But many businesses took matters into their own hands, investing in websites and systems that could sustain a long-term takeaway strategy that also worked for consumers. 
There have also been breakthroughs in how food is being packaged, with that restaurant feel coming from the quality of the packaging itself.
"A drive for more sustainable materials and recycling schemes has encouraged a bigger discussion in the industry"
This is an extension of the restaurant experience and thus packaging has advanced to match the themes of the business, but most importantly, keep the food both hot and well-structured. Gone are the days where food turns up messy and lukewarm.
While there were environmental consequences of this increase in bespoke packaging, a drive for more sustainable materials and recycling schemes has encouraged a bigger discussion in the industry, which will in-turn lead to further positive breakthroughs.
There is still research taking place on the use of temperature-controlled vehicles versus the advantages of relying solely on packaging to maintain the food quality. These discussions will continue as the industry rolls on boldly forward.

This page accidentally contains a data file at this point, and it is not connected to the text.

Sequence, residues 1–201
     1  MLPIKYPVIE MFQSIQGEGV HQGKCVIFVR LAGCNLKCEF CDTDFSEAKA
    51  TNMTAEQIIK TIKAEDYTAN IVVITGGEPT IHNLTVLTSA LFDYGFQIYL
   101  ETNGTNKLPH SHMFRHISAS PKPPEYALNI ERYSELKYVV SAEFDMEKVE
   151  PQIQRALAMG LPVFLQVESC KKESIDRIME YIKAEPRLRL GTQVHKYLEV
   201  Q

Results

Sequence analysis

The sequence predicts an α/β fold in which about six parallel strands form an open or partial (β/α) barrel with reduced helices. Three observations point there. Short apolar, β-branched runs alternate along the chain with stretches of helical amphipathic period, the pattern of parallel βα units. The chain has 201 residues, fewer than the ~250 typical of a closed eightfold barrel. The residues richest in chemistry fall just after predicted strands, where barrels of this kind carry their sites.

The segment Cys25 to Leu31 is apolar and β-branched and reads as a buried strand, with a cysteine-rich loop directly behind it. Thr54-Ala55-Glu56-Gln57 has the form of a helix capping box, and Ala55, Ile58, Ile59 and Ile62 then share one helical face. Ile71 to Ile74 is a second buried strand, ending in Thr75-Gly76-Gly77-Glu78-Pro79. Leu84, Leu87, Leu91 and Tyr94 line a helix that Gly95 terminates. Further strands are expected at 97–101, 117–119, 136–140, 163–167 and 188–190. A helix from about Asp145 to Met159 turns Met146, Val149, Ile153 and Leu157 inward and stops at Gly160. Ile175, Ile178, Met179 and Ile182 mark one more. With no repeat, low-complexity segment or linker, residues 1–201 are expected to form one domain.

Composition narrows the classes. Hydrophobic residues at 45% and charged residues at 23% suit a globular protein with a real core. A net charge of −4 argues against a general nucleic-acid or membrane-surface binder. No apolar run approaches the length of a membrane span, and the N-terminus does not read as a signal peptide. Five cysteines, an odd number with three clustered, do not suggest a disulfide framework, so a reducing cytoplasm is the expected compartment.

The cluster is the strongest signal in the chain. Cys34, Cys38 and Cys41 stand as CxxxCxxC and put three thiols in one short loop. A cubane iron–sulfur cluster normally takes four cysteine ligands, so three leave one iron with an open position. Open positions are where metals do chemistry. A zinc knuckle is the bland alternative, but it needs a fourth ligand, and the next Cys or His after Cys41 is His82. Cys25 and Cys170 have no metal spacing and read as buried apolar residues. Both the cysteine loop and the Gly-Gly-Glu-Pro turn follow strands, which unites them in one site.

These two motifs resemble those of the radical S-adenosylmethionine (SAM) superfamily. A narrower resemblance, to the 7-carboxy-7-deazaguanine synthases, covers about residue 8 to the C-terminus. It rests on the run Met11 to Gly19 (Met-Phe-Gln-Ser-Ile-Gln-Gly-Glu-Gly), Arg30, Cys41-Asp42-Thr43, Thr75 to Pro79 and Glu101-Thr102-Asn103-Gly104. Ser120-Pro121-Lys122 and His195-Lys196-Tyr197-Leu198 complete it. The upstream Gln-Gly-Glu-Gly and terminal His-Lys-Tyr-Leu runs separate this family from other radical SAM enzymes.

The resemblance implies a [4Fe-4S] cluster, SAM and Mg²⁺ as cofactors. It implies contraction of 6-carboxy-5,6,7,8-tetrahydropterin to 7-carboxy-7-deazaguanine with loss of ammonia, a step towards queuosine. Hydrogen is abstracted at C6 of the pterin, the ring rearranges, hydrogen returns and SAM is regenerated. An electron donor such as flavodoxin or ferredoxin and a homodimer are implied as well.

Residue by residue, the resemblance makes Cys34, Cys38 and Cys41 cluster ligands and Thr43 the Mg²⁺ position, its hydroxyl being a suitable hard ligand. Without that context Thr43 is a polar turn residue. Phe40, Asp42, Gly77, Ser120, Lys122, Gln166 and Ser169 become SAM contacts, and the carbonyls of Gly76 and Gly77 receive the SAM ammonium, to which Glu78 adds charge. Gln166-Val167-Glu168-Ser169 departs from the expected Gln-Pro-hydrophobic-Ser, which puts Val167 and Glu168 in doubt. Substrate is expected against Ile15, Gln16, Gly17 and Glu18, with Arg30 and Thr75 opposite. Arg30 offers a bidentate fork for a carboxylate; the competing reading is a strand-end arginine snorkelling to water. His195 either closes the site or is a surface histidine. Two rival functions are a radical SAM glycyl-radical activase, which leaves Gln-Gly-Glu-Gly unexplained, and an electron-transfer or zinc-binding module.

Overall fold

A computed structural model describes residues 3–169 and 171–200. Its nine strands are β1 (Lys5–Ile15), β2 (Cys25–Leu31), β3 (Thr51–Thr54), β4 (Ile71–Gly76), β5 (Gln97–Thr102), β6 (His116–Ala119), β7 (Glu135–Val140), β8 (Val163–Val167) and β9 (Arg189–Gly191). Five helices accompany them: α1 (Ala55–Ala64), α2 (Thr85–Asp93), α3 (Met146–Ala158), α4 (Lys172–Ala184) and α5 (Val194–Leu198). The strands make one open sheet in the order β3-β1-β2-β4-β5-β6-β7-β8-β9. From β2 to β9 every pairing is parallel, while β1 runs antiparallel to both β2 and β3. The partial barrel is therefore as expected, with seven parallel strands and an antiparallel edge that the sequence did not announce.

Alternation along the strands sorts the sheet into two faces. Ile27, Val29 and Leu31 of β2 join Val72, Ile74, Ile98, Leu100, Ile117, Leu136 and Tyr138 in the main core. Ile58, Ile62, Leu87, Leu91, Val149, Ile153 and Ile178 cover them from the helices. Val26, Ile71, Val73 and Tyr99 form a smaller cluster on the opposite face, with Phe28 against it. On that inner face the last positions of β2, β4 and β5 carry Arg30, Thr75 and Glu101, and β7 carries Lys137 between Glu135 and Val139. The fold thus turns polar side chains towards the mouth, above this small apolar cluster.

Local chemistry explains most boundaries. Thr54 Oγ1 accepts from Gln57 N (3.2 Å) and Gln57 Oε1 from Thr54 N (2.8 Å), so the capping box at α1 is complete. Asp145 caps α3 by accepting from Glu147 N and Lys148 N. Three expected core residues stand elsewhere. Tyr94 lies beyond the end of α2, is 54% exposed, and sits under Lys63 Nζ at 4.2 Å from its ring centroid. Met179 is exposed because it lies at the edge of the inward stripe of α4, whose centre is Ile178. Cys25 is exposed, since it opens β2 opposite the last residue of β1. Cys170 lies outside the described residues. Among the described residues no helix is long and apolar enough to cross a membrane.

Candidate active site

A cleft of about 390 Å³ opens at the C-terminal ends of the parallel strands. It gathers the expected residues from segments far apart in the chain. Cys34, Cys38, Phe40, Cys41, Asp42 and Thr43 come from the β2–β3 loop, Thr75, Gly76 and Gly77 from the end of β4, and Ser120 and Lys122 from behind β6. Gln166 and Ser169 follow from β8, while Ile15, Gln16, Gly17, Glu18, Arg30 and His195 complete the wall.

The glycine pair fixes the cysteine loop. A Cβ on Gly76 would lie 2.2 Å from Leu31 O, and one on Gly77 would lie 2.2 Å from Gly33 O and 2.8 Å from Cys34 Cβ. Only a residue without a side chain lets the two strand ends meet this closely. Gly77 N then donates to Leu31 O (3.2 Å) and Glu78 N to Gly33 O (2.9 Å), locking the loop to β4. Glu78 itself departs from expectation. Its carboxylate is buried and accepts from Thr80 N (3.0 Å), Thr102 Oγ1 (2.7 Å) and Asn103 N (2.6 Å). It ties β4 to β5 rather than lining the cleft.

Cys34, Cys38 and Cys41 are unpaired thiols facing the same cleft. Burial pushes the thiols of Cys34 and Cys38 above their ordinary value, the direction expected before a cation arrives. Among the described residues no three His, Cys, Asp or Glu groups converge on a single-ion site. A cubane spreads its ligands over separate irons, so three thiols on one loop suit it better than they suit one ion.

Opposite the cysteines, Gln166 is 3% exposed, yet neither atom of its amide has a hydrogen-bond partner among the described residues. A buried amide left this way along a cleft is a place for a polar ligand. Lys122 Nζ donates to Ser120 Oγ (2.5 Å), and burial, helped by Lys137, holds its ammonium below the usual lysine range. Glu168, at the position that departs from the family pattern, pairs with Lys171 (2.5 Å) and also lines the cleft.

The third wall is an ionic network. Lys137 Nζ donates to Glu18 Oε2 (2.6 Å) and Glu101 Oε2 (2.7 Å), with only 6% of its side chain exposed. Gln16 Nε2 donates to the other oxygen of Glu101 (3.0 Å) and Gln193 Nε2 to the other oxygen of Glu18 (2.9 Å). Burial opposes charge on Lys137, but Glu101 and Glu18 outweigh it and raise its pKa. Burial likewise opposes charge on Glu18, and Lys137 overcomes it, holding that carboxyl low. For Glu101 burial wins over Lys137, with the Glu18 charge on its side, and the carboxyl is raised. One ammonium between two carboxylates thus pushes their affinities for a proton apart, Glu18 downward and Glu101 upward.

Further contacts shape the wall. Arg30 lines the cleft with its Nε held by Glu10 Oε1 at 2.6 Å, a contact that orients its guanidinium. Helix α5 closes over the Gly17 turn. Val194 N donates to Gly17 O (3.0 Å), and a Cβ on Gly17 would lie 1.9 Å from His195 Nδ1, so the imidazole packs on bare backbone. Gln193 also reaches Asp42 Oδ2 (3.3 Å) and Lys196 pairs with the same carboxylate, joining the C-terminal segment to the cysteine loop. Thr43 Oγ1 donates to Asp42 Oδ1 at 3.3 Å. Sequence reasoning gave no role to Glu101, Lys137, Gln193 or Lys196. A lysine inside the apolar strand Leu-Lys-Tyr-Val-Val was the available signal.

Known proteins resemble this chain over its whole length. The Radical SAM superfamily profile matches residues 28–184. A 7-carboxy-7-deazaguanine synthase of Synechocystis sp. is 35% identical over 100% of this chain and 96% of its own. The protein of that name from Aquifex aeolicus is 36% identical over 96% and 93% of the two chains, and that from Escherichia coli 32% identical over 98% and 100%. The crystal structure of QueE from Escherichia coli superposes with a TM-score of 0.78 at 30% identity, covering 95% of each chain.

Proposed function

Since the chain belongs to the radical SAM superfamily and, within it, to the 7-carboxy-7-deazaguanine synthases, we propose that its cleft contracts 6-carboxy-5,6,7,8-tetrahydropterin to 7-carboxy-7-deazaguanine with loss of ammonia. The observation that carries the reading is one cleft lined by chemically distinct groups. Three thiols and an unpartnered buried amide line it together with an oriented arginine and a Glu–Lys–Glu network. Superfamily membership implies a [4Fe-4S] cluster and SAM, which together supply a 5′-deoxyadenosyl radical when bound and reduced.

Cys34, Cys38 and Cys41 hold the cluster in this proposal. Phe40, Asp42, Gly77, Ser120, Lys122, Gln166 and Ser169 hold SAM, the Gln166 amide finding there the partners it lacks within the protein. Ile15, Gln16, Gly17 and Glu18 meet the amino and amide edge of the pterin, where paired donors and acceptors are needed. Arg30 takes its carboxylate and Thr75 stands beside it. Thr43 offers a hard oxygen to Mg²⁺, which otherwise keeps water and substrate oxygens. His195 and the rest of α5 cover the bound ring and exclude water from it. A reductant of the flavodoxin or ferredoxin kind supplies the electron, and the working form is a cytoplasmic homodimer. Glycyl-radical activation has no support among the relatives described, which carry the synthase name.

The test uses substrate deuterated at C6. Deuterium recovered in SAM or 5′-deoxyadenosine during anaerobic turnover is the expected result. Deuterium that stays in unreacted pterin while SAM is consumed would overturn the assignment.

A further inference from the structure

Spoilt for choice

You might have also noticed that the menus have changed on your local takeaways. There are now more options and crucially, food that you may be able to order in one of the restaurant locations.
In the past, takeaway menus were viewed as a lower priority, with businesses looking to create simplified food that could be made efficiently and for low cost.
The pandemic crafted a shift in that strategy, and it was much-needed.
Restaurants will often now offer the exact same food that you can eat in the restaurant, at the same quality, or a bespoke personalised menu that takes advantage of the takeaway model.
Menus feel more thoughtful and, crucially, play into the overall eating experience. 

Setting the ambience at home

woman enjoys takeaway meal at home with laptop
That takeaway experience cannot be undervalued. When people order a takeaway it isn’t just a cheap and easy option. It’s an event unto itself. A treat that might be shared with loved ones or strangers.
Restaurants are tapping into that experience and experimenting with ways they can set themselves apart from rivals.
The packaging is one aspect of that, but presentation is another. Restaurants are thinking about how you open your food, how it looks and how it is set out.
"Spotify playlists craft a more immersive dining atmosphere"
Some restaurants are using technology to advance their concept further, including elements like QR codes or even links to Spotify playlists to craft a more immersive dining atmosphere.
This a new era in the takeaway industry—one that is open to big ideas.
There are sure to be more changes on the way, but fundamentally this overhaul has given takeaway businesses the kick they needed to embrace that restaurant-quality state of mind.